Błoto ‘Erozje’ LP/CD (Astigmatic) 4/5

Polish quartet, Błoto, are the hot muddy heart of the larger format EABS (Electro-Acoustic Beat Sessions); that sampling, loop-making, “reconstruction from deconstruction” jazz improv family from Wrocław. Marek Pędziwiatr (keys & synths), Olaf Węgier (tenor sax), Paweł Stachowiak (bass) and Marcin Rak (drums) are the plucky, handsome quadruplets who stepped out on their own for a single night session, back in 2018, that resulted in “Erozje”.

As I understand it, Błoto translates as ‘the mire’ and Erozje as “erosion”, so I wasn’t really expecting fun time, party time, all of the time, here. The opener, “Kałuże”, didn’t counter that expectation; it moves in a silent way – a sublimely empty, somewhat fretful space that segues into the Davis-fusion, beats-busy “Mady”; its fiery click energises Pędziwiatr’s rousing, space-jazz meanderings before resting on a solid hip-hop riff that Rock, Shadow, Dilla, Younge etc. would be chuffed with.

“Czarnoziemy” takes that energy and nails it to the floor. Rak’s hard-hitting; punctuating and fizzing but always smack dab solid. Pędziwiatr’s simple motif-of-four shifts into Węgier’s clamant spits and circles. More segue follows – sprinkling keys this time – as “Bagna” stiffens up under a bone-chilling breeze, stumbling into Rak’s stick-spinning patterns and collective percussive cracks and shivers.

“Czarne ziemie’ is a heavy, procrastinating hip-hop production with vintage 90s piano loop leading to a thrilling, syncopated, cacophonous breakdown. “Rędziny” is a west-side-story, back alley stand-off with plodding piano and cop strings that leads into the initially frenetic bassline-fuelled “Bielice”; slowing halfway into a delicious hip swing that Węgier lewdly makes out to.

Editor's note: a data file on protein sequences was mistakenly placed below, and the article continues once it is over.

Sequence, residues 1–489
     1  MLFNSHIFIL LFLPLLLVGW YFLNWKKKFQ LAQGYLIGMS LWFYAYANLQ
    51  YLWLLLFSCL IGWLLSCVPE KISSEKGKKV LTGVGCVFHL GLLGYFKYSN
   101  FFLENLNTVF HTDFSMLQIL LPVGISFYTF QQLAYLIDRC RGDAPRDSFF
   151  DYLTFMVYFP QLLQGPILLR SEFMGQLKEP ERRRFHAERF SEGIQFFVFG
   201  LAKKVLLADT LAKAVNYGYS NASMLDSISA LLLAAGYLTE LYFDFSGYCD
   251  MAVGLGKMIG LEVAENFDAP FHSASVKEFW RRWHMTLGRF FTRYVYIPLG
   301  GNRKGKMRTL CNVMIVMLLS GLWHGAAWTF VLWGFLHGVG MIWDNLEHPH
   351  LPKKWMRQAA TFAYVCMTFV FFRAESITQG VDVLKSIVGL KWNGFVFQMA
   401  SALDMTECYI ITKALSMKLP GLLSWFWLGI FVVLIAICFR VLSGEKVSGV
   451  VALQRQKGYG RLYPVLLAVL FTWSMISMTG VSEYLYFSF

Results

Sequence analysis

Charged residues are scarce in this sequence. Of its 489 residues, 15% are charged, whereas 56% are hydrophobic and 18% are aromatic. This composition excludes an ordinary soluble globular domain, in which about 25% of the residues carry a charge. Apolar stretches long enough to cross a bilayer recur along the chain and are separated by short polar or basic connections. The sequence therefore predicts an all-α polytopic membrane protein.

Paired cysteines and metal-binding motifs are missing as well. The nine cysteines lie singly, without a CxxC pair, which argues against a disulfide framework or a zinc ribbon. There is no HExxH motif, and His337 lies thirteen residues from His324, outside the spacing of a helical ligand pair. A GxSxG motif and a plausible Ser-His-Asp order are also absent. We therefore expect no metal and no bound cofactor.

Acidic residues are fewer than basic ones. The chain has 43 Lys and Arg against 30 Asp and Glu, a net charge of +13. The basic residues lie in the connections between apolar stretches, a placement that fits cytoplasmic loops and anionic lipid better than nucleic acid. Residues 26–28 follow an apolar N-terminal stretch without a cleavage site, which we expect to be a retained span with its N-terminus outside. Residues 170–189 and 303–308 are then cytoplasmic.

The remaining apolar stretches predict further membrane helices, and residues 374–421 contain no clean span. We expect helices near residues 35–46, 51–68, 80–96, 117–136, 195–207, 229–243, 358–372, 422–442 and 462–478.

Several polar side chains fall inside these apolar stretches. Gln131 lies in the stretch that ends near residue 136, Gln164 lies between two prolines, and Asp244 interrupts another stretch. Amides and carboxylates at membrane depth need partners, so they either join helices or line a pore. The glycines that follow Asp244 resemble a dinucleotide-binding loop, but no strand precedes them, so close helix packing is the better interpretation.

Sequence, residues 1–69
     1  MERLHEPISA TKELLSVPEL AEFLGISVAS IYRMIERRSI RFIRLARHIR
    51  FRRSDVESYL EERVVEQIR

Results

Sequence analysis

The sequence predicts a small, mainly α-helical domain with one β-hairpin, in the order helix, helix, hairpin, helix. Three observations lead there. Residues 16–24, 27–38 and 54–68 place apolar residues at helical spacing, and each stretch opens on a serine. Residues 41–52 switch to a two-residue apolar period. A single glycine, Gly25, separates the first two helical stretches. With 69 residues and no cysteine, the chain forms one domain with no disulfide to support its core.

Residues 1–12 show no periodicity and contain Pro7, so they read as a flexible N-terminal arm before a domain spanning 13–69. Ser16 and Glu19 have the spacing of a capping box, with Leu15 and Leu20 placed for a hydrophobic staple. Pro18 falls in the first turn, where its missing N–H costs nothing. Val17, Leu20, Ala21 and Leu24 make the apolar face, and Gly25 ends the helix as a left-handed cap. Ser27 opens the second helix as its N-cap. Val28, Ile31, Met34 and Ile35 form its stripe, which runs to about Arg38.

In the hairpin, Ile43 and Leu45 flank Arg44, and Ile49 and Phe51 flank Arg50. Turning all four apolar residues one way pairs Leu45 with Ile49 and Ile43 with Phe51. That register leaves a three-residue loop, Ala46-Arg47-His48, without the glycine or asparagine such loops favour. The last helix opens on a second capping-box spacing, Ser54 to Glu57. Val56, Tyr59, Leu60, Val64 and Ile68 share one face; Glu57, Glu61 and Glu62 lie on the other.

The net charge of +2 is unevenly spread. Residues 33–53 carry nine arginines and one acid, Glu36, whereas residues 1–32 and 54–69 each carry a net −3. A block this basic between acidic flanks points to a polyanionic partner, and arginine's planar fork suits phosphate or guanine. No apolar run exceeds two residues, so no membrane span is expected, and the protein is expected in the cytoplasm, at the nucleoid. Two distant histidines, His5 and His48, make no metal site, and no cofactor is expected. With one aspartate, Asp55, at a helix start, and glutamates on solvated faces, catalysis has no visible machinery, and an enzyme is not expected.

“Ziemie zdegradowane przez człowieka” feels like space to breathe, a contemplative respite from the dark intensity that has preceded it. Limpid, liquid, ascendant piano dampens the insistent, metallic wash. It’s simple and bewitching, nostalgic, regretful. Momentary respite only though, as “Glina” disturbs the peace with gunshots and sirens and distress and anger. Intense and unrelenting, Its title is Polish slang for cop and its anti-police-violence message is vivid, felt and understood.

The hauntingly beautiful closer, “Gleby brunatne”, is another introspective piano-led soundscape. It still has the insistence that the rest of the album has but it feels more hopeful, more future-facing, more an imperative.

“Erozje” is arresting, riveting, vital jazz hip-hop for 2020. It has a mixtape feel which although having its roots firmly in the halcyon period of real hip-hop, it’s very much a voice of now. It has a damp, tacit, simmering anger and low-level anxiety not alien to most of us today. It’s not a downer though – more frustrated, I’d say; irritated by those blind to the truth and the change that’s needed. It gets in your head, yes. Does it erode? Maybe, but it hasn’t left me feeling mired at all. It’s left me feeling heard and it’s left me thinking “Yeah, I fucking know how you feel, mate”.

Ian Ward